Sunday, April 29, 2018

Links & Reviews

My goodness, you all have been very busy. Missed a week (I was at the Florida Antiquarian Book Fair last weekend) and just look at all the links that piled up!

- Two missing/theft reports: one 1734 cookbook that has gone missing in transit, and two works by Poe and Dickens reported stolen through credit card fraud.

- Missed this from when I was traveling: a judge blocked the sale of a volume of Rhode Island colonial court records on eBay.

- Ben Breen writes about one of my favorite characters for Public Domain Review: good old George Psalmanazar, the "False Formosan."

- Robert Darnton talked to Publishers Weekly about his new book A Literary Tour de France and the current state of the publishing industry.

- You can now submit paper proposals for the APS' "Past, Present, and Future of Libraries" conference, coming up in late September. Deadline is 15 May.

- Now on display at the BL, while the Lindisfarne Gospels has gone off public display for a rest until the autumn, "A Bible fit for a king."

- At Connexion, a report on the French government's blocking the sale of a 12th-century Mont-Saint-Michel manuscript.

- The Library of Congress has released a digital version of its collection of Benjamin Franklin's papers.

- Also from LC, the Japanese Censorship Collection, comprising more than a thousand "marked-up copies of monographs and galley proofs censored by the Japanese government in the 1920s and 1930s."

- Over at Medieval Manuscripts Provenance, a bit more on a Cistercian Missal once owned by Otto Ege.

- A New Zealand bookseller has inherited a collection of some 6,000 mountaineering adventure books from a Massachusetts collector; Bill Nye of Adventure Books plans to build an exhibition and research area for the collection in his shop.

- Richard Ovenden writes for the Financial Times: "The Windrush scandal reminds us of the value of archives."

- Simon Beattie highlights what certainly seems to be an 18th-century dust-wrapper (and possibly the earliest documented example?), used to protect a set of unbound plates.

- Alison Flood writes for the Guardian about the discovery of the first known example of a palimpsest text in which a Coptic text of Deuteronomy appears beneath a Qur'an text. It sold at Christie's on Thursday for £596,750.

- For Penn Today, Peter Stallybrass talks about five books that shaped his teaching.

- Richard Davies from AbeBooks has launched a podcast, "Behind the Bookshelves."

- Over on the Trinity College Dublin blog, "The Fascination of Fore-Edges," by Helen McGinley.

- Kate Bolick writes for the NYTimes Material Culture column on "Who Bought Sylvia Plath's Stuff?" See also Peter Steinberg's post on his experience with the Plath sale.

- There's an update on the very fascinating Prize Papers Project on the National Archives (UK) blog.

- Andrew Keener writes for the HRC magazine about his work there as a research fellow working on bilingual and multilingual works printed in England in the sixteenth and seventeenth centuries.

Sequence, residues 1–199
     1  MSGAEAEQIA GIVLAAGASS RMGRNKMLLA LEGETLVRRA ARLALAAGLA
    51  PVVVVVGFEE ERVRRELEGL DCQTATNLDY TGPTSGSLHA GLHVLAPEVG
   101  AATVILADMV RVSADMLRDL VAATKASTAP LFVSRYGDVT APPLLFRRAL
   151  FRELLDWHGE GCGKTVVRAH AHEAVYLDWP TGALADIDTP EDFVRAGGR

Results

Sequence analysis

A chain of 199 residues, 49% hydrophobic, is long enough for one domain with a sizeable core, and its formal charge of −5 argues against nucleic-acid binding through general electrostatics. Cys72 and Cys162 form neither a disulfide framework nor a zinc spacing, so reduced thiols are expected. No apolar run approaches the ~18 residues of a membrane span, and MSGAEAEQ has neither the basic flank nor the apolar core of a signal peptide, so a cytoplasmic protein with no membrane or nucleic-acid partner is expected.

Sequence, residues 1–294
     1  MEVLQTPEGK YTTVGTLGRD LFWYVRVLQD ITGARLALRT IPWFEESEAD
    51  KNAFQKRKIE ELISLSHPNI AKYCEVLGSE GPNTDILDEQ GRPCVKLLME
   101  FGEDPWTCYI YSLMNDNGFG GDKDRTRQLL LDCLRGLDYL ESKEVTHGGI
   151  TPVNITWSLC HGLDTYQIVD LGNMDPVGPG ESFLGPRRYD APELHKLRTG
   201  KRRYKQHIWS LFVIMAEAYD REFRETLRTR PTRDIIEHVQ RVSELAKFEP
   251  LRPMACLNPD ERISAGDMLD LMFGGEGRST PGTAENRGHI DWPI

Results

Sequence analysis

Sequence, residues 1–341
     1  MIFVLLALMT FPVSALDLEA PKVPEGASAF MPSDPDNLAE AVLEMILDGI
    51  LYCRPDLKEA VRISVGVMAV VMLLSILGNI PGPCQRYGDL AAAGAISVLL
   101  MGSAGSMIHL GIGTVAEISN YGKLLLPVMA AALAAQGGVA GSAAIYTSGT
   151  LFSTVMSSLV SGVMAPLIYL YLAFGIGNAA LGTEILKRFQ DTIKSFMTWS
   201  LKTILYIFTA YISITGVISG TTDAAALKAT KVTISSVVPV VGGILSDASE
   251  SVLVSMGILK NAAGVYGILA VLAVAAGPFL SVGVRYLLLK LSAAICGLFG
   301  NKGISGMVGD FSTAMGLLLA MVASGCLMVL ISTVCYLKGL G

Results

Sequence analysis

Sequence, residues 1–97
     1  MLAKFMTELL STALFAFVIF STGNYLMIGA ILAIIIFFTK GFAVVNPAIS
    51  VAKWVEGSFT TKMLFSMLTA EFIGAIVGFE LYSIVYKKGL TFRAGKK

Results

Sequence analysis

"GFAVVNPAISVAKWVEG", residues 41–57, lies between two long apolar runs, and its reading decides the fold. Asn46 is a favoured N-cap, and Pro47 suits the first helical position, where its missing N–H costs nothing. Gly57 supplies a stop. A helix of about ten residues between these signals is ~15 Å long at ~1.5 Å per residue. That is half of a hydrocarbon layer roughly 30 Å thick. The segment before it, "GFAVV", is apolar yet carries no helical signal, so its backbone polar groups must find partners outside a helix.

- Sarah Hovde surveys a few of the items in the Folger's collection attributed to Shakespeare's spirit.

- From the BL's Medieval Manuscripts blog, a look at what may be the oldest English writing in the BL's collections.

- The Providence Athenaeum has received a $100,000 anonymous gift to develop the library's special collections.

- Ina Kok has been awarded the 17th ILAB Breslauer Prize for Bibliography.

- Rebecca Rego Barry notes the 25 April sale at Doyle of items from the estate of Dr. Leo Hershkowitz, well known as an "archival scavenger." The Ratzer Map sold for $150,000.

- From Laura Kolb at The Collation, "The itemized life: John Kay's notebook."

- Stephen Mielke writes for the HRC magazine on "The archivist's archive: Visions of the future past."

- Barron's previews the 14 June Birds of America sale at Christie's.

- Pradeep Sebastian writes about bibliomysteries in The Hindu.

- A. N. Devers notes on the Fine Books Blog the acquisition by London bookshop Any Amount of Books a large number of file copies from Orion Books.

- Two men have pleaded guilty in Moscow to carrying out a series of rare book thefts from 2001 to 2008.

- Hester Blum quibbles about AMC's "The Terror" for Avidly.

Reviews

- The Multigraph Collective's Interacting with Print; review by Abigail Williams in THE.

- Alex Johnson's Book of Book Lists, Stuart Kells' The Library, and Alberto Manguel's Packing my Library; review by Sarah Laskow at Atlas Obscura.

- Margit J. Smith's The Medieval Girdle Book; review by Nicholas Yeager in The Bonefolder.

- Benjamin Park's American Nationalisms; review by Skye Montgomery at The Junto.

- Alexander Bevilacqua's The Arabic Republic of Letters; review by Jacob Soll in TNR.

- Lynne Murphy's The Prodigal Tongue; review by Lionel Shriver in the TLS.

- Michael Dirda surveys some classic and contemporary creepy tales. This one definitely added a few to my reading list.

Upcoming Auctions

- Fine Books and Manuscripts at Leslie Hindman Auctioneers on 1 May.

- Rare Book & Collectors' Sale at Fonsie Mealy Auctioneers on 2 May.

- Graphic Design at Swann Galleries on 3 May.

- Fine Literature: The Fred Bennett Collection (with additions) at PBA Galleries on 3 May.

- The Original Working Manuscript for the Alcoholics Anonymous 'Big Book' at Profiles in History on 5 May.

No comments: